First, I’ll get my weather rant out of the way – it was bloody hot. Really. Very, very, very hot. It was like the sun noticed that there were 50,000 semi-clothed people dancing and singing away in Homebush and decided it would be a good time to turn up the UV and blast out some sunburns and some solid cases of heat-stroke. Which is exactly what happened.
Second, I need to get off my chest my feelings about the other festival goers’ attire (I know I should ignore them and just listen to the music, but I’m snarky and cynical and can’t help myself). Anyway, once at Olympic park, my friends and I quickly noticed that this season’s must-have fashion item was bare skin. Lots of it – shirtless, bikinis – it didn’t matter. You just had to have the skin out there. And preferably have it tanned to a nice burnt roast chicken colour. (Seriously, I thought most of Australia had caught onto the fact that tanning increases your chance of skin cancer? Apparently not.) However, the skin-cancer hunting hoards were not BDO’s oddest dressed (also, we didn’t spot any fabled high-heel wearing girls) – instead, the oddest dressed prize goes to the multitudes of bikini girls who wore tight, unzipped short-shorts. That’s right. Deliberately unzipped. This we couldn’t get over. Their plan seemed to be: find the smallest pair of shorts possible, making sure they were tight enough not to fall down, and then unzip them, exposing your swimmer bottoms or underpants. Am I missing something here? Are the girls in Sydney so much further ahead in the fashion stakes than me? Anyway. On to the music.
Travelling with three friends, we had an eclectic line-up of acts to see. I ended up catching Lisa Mitchell, Tame Impala, Kasabian, the end of Temper Trap, all of Passion Pit and Muse, most of Girl Talk and Calvin Harris, the beginning of Dizzee Rascal, most of Midnight Juggernaughts, all of Ladyhawke (she’s so cool!) and most of Peaches (who wins major hilarious awesome points for encouraging the last clothed 20% of the crowd to strip by saying she was having a competition between all the BDOs to see who could follow her instructions best: she chanted “shirts come off. Shirts, shirts come off.” Then everyone span their shirts round in the air. If a pop-star told you to jump off a bridge, would you do it?)
The day started well when the little, red-lipped folky Lisa Mitchell went nuts at the beach-ball touting crowd after they tossed one-dollar coins on stage during her hit song “Coin Laundry”. This, apparently, is a major problem for her (my friends tell me a similar thing happened during her set at the Falls Festival). Anyway, Lisa Mitchell stopped the song at the beginning of the first chorus, swore at the crowd, and instructed them to punch anyone out who threw anymore coins. The crowd stopped throwing coins, she began the song again and the rest of her set went well, her scowling and close-to-tears look aside.
Lisa Mitchell swears at the crowd for their coin throwing tendencies
By three pm when Passion Pit started, the day was at its hottest. The ground was dry, t-shirts and bare backs were sweat drenched and those who tossed their water bottles into the air were hailed as heroes. Passion Pit’s set was energetic and full of enthusiastic electro-pop goodness. I was surprised at how well their high-pitched, synth-layered voices worked in a live setting. They played all their big singles from “Manners” and the crowd lapped it up and then sweated it out again (yuck. I just realised what an appalling analogy that was). But seriously, this was sweat-city.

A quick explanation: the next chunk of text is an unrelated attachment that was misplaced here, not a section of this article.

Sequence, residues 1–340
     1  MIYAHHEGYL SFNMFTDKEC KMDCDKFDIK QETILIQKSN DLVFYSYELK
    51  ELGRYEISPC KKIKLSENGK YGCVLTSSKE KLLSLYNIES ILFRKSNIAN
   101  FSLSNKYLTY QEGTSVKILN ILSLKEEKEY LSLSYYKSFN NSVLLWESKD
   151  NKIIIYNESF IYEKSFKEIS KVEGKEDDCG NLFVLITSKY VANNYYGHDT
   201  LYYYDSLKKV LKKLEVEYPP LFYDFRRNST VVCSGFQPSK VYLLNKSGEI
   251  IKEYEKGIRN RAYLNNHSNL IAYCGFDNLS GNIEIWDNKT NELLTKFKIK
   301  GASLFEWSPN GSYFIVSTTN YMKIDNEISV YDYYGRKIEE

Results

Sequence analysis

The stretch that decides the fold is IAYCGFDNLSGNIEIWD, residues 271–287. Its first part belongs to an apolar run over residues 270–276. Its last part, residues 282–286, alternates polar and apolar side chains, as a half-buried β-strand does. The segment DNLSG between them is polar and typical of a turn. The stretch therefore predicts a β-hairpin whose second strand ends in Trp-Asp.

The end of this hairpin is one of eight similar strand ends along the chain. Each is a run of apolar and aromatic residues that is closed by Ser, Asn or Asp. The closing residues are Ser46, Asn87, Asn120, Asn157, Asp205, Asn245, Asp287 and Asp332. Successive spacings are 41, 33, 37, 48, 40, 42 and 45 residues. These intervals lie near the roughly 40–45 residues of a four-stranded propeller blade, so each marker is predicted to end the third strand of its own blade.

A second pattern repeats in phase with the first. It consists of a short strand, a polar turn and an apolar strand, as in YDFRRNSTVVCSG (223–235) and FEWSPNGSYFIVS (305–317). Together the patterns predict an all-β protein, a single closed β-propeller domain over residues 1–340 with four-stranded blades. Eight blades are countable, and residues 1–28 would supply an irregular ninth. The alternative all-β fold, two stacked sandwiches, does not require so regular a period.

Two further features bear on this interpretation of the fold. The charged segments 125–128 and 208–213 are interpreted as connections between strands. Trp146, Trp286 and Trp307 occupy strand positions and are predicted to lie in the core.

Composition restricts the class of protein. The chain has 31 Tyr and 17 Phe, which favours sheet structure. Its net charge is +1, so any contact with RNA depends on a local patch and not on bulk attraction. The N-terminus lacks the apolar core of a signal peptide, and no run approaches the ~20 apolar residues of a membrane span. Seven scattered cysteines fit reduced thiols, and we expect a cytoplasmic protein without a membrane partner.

Moving onwards through the Big Day and one of the big headliners, Dizzee Rascal was on. He jumped up on stage. And promptly took off his shirt. And started dancing. I was up the back for this set so the sound quality was rubbish, and admittedly, I didn’t hear Dizzee sing the hit “Bonkers” but I wasn’t that impressed. The best part of his set was, as one of my 30 Rock loving friends pointed out, the fact that Dizzee was probably channelling the character Tracy Morgan – a similarly shirt-shy dude known for crazy antics and self-promotion.
The crowd for Dizzee Rascal. I think all they did was yell "sing Bonkers!!!"
Even later in the day... I’ve never really listened to that much Calvin Harris but his set in the (mercifully shady) Boiler Room was outrageously great. The well-dressed, sexy-British accented Harris played fun, happy pop music that made you want to party. And party we did. Playing his major hit “Ready for the Weekend” on a Friday was perfect and the crowd danced around like the cast of Footloose crossed with the dancers from So You Think You Can Dance? (or at least that’s how we felt like we were dancing). He also really made an effort to engage with the crowd between songs and said the best possible things to us - “Sydney, you are fucking sexy!”
The indoor ferris-wheel in the Boiler Room. Points for awesomeness.
Very late in the day and people were flaking. However, I had friends who were keen as mustard to catch the epic-ness that is Muse. Though I’m not really a Muse fan, they certainly knew how to put on a good show. Their method? One: get lasers. Get lots of lasers. Screw it, get even more lasers. Lasers are so fucking awesome that we should have as many as possible, right? Two: write some epic songs. Preferably about not being over thrown, or about uniting the world or about black holes (they’re pretty epic, right?). Three: add 50,000 partying punters and shake. And that was Muse.
Muse. Now with epic lasers.
Big Day Out certainly lived up to its name. It ticked “big” – stacks of bands, “day” – it was a whole day of live music fun and “out” – you definitely knew you were outside, and out amongst it all.
Next time, Laneway Festival!
(All photos courtesy of the lovely Cleo who, unlike me actually bothered to take photos with her camera. I’m going to have to remember to use mine at Laneway…)